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Paper No. 11
Presentation Time: 10:30 AM


ABREU, Vitor1, NEAL, Jack2, BLUM, Mike2, BOHACS, Kevin M.3, DEMKO, Timothy Michael4, GARFIELD, Tim2, KENDALL, Christopher5, GESLIN, Jeff2, JONES, Clive2 and KALBAS, James L.6, (1)ExxonMobil Upstream Research Company, 3120 Buffalo Speedway, Houston, TX 77210, (2)ExxonMobil, Houston, TX 77210, (3)ExxonMobil Upstream Rsch Co, 3120 Buffalo Speedway, Houston, TX 77096, (4)Process Stratigraphy, ExxonMobil Upstream Research Company, 3120 Buffalo Speedway, Houston, TX 77096, (5)Geological Sciences, University of South Carolina, Columbia, SC 29208, (6)ExxonMobil Development Company, Houston, TX 77381,

Attempts to formalize sequence stratigraphy over the last 2 decades have been challenging and divisive because of model-driven versus observation-based interpretations, cumbersome nomenclature, and imprecise and inconsistently-used definitions. The association between base-level changes, formation of surfaces, and stratal stacking that define systems tracts is at the heart of the confusion. In some cases, terms like "highstand" and “lowstand” have been used to identify systems tracts because of specific stratal stacking, whereas in other cases, stratal stacking has been inferred to reflect relationships to sea level because of the terms themselves. Considering that sea level changes cannot be directly observed from the geologic record, this terminology implies the need of a "model" to interpret geologic data. Moreover, these terms conflict with others that are related to shoreline translation, or processes that can be directly observed from the geologic record, such as "transgression", "regression", "progradation", and “retrogradation".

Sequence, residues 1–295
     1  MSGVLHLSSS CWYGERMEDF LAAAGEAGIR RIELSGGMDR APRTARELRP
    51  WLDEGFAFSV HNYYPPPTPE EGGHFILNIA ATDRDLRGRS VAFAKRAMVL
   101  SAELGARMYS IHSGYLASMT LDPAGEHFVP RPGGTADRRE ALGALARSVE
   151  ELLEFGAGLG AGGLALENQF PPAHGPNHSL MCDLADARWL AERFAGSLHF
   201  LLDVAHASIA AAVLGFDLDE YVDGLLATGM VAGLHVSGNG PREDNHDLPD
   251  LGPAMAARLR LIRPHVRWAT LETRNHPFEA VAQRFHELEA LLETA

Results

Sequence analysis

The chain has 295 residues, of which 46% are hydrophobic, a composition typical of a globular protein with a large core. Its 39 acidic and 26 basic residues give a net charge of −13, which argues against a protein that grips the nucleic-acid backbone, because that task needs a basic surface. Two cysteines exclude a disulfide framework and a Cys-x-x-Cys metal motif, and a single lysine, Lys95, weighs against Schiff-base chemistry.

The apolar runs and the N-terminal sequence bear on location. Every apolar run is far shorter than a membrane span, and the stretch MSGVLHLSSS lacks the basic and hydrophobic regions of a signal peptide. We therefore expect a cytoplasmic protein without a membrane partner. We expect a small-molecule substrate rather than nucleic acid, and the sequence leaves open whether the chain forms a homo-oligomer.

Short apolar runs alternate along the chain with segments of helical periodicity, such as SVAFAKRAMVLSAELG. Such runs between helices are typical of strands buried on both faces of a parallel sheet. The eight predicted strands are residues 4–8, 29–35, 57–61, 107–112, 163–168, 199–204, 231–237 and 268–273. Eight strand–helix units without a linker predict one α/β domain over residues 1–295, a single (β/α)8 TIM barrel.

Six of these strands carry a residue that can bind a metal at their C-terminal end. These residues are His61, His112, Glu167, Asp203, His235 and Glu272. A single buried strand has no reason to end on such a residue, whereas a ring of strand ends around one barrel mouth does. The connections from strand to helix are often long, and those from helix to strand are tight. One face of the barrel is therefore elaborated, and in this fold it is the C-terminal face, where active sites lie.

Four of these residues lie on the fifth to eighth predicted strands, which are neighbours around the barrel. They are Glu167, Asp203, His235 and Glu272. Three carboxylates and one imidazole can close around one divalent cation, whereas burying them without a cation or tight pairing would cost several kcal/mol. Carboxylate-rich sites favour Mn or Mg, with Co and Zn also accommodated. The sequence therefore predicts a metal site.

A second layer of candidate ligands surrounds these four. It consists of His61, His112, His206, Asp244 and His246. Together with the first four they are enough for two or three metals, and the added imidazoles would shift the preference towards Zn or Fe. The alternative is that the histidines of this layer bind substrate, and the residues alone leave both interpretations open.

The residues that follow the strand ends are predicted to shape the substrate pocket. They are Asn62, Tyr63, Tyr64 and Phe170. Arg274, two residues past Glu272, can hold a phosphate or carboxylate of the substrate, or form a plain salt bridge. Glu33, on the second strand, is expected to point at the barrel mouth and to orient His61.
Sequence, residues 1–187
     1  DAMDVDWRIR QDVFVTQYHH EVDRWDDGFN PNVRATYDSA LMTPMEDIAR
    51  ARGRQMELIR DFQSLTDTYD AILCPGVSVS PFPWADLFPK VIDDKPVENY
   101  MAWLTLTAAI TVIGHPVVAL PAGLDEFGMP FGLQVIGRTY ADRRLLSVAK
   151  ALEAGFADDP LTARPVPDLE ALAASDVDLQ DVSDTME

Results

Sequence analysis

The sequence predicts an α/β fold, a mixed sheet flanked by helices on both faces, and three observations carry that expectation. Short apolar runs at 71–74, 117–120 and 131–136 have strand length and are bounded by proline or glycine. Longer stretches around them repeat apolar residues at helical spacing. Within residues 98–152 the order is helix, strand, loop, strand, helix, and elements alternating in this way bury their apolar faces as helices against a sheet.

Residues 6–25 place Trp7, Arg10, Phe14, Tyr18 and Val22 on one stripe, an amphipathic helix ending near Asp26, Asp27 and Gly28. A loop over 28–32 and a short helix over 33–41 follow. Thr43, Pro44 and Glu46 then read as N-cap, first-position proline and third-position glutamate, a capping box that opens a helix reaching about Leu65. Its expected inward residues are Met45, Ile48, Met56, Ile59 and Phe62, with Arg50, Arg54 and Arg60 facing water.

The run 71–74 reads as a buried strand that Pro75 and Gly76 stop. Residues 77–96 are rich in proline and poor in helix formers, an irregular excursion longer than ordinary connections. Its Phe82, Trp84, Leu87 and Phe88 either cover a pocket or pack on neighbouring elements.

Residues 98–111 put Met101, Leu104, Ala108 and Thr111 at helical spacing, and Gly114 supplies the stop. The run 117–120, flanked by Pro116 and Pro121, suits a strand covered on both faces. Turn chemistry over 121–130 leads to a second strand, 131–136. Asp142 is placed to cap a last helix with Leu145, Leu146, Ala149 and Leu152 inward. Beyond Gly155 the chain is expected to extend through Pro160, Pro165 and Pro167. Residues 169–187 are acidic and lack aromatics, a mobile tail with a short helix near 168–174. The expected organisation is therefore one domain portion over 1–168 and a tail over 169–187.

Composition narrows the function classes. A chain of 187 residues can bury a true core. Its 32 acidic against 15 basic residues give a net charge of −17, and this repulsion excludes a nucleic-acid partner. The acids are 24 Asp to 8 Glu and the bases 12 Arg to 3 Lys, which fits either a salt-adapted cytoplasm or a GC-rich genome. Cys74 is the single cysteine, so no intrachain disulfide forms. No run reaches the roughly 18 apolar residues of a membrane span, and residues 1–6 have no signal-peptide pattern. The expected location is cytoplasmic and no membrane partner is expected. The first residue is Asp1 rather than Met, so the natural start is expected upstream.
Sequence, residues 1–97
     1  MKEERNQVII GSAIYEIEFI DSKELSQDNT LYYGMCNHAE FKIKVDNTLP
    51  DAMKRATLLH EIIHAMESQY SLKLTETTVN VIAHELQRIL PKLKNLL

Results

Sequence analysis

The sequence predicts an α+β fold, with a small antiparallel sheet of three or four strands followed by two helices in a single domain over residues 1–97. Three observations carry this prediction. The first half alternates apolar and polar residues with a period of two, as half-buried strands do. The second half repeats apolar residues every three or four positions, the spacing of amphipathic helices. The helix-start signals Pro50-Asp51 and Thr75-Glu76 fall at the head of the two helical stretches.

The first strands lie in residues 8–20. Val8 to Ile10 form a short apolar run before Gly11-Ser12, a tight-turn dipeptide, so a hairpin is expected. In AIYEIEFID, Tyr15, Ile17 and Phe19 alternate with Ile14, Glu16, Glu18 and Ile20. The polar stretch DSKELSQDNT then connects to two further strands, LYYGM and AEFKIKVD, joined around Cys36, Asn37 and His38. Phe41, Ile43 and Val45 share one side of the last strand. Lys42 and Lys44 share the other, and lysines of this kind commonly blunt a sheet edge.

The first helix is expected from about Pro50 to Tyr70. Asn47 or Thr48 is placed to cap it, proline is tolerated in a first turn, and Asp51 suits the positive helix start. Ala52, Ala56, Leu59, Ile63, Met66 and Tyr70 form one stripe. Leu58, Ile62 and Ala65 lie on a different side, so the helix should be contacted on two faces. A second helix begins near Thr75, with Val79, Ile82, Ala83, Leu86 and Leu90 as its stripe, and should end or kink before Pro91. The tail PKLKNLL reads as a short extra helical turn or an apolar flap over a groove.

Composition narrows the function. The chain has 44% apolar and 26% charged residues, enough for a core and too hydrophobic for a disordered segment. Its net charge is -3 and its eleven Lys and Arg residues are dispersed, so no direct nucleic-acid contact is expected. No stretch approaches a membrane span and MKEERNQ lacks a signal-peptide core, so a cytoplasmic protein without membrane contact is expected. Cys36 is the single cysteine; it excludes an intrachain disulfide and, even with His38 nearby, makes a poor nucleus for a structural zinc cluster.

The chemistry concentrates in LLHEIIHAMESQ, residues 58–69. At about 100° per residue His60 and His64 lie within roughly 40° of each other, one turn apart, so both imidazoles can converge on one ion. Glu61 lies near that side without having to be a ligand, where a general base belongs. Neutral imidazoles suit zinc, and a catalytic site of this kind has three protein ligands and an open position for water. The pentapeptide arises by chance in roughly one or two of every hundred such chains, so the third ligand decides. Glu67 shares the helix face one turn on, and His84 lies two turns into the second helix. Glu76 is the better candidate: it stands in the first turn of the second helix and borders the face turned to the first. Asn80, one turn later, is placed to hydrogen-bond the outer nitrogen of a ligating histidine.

We propose a "back-to-basics" approach, emphasizing five key observations that can be made from any geologic data: lithofacies, lithofacies association, vertical stacking, stratal geometries and stratal terminations. These observations should be placed in the context of the lateral movement of the shoreline (transgression and regression) and shoreline trajectory (shelfal accommodation creation and destruction). Model-driven terms like highstand, lowstand, maximum flooding surface, and falling stage should be abandoned and replaced by observation-based terms like aggradation-progradation, progradation-aggradation, surface of maximum transgression and degradation, respectively. Finally, after more than 20 years of applications, much basic research remains to be done on the relationship between stratal stacking, and various controls, and on the formation and significance of key surfaces that demarcate changes in stacking patterns.

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